It’s easy to get into debt. It’s much harder to get out of it.
Fortunately, there are credit counseling agencies that can help you get your finances in order. They can help you figure out a budget and stick to it while managing your debt and avoiding future financial pitfalls.
However, not all credit counseling agencies are the same. Some offer free or low-cost services while others charge high fees or might not be trustworthy. The following tips will help you choose the right credit counseling agency.
Look for Agencies with a Good Reputation
Most reputable credit counseling agencies are nonprofits that offer free or low-cost services. However, the fact that an agency is a nonprofit does not guarantee that it is affordable or that it has a good reputation. Here are some tips for selecting a credit agency you can trust:
- Ask family members and friends if they can recommend an agency. It’s best to pick one that has been around for several years and has a well-established reputation.
- Use credit agencies or credit counseling services referred by credit unions, banks, universities or military bases.
- Choose a credit agency that’s been approved by the Federal Government.
You can also check out state and local consumer agencies to find out if a credit agency has complaints.
Compare Services and Costs
Once you have a list of agencies you can trust, the next step is to take a closer look at the services and costs they offer so that you can choose the one that best serves your needs. Be careful with credit agencies that charge high fees for services that you can get for free somewhere else.
Some of the most common services offered by credit agencies include:
- Professional, person-to-person assistance with managing your money and debt.
- Help putting together a family budget and sticking to it.
- Free workshops and educational material.
Ask Lots of Questions
Before finally choosing a credit agency, it’s worth writing down a list of questions you might have so that you can avoid surprises such as hidden fees or limited services. Here are some questions to help you pick the right credit agency.
- Are there different fees for different services? Some agencies might charge for initial consultations or a monthly fee. Be careful with agencies that pay their employees more depending on the services you sign up for.
- Will you be signing a contract before getting counseling? If so, be sure to read the contract before signing it.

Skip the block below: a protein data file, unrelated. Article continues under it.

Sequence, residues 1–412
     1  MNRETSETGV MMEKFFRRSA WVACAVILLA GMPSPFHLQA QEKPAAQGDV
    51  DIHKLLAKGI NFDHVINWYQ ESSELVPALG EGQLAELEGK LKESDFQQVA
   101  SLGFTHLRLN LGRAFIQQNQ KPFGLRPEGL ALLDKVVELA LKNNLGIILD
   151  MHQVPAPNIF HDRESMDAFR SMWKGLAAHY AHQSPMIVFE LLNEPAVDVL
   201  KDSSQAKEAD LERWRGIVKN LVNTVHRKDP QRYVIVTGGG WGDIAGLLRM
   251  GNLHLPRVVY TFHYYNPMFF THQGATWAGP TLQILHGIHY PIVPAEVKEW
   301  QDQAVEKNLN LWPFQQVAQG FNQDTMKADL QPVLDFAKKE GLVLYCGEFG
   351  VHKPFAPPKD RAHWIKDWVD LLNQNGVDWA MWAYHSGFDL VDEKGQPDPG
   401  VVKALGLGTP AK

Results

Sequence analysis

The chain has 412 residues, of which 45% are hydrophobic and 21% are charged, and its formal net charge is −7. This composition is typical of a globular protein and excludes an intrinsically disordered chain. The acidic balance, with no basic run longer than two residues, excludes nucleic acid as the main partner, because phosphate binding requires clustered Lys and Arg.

- Does the agency have the right certifications to provide credit counseling? It’s best to use agencies that have been certified by independent organizations.
There’s no such thing as a quick way out of debt, but there are realistic steps you can take to get debt under control.
There is no such thing as a quick and easy way to get out of debt, but there are realistic steps you can take to get debt under control.
Develop a budget: Assess how much money you make and how much you spend. Writing down all your expenses is an easy way to get a realistic picture of where your money goes. Your goal should be to make sure you can pay for the essentials, like food and shelter, with enough left over to tackle your bills.
Contact your creditors: If you’re having trouble making payments, you may be able to work out a modified payment plan with your creditors. Let them know right away if you’re struggling before the accounts get turned over to debt collectors. If your accounts do get turned over to debt collectors, this video from the Federal Trade Commission can help you understand your rights.
Look into debt relief services: Credit counseling could help you set up a plan to pay off your debts. Even though many credit counseling groups are nonprofits, their services aren’t necessarily free.
Get more tips for managing your debt.
To learn about other free resources to help you no matter what your financial situation, sign up for our e-mail list or visit our page.
Asked by Anonymous
How do I find forgiveness for my student loan. I will never be able to pay it off. I am on disability now.
It’s possible to have your student loan debt discharged (canceled) or reduced, but only under certain specific circumstances:
- You die or become totally and permanently disabled.
- Your school closed before you could complete your program.
- For FFEL℠ and Direct Stafford Loans only: Your school owes your lender a refund, forged your signature on a promissory note, or certified your loan even though you didn’t have the ability to benefit from the coursework.
- You work in certain designated public school service professions (including teaching in a low-income school).
- You file for bankruptcy. (This cancellation is rare and occurs only if a bankruptcy court rules that repayment would cause undue hardship.)
If you are unable to work and earn money because of an injury or illness that is expected to continue indefinitely or result in death, you may apply for a Total and Permanent Disability (TPD) discharge of your FFEL Loans, Federal Perkins Loans, Federal Direct Loans, or TEACH Grant service obligation. Disabilitydischarge.com has more information on qualifying and to apply for a TPD discharge.
Visit the Department of Education for more information on student loan cancellation.
If you are not sure what kind of loan you have, you can get information on your loan from the National Student Loan Data System.
If you would like to file a complaint about your student loans, you can do so through the Consumer Financial Protection Bureau.
This week is National Consumer Protection Week. Today we are answering your consumer questions. You can join us for a live social media chat at 2 p.m. EST. Learn more about the chat and how to submit your questions.
Asked by Anonymous
What is the United States national debt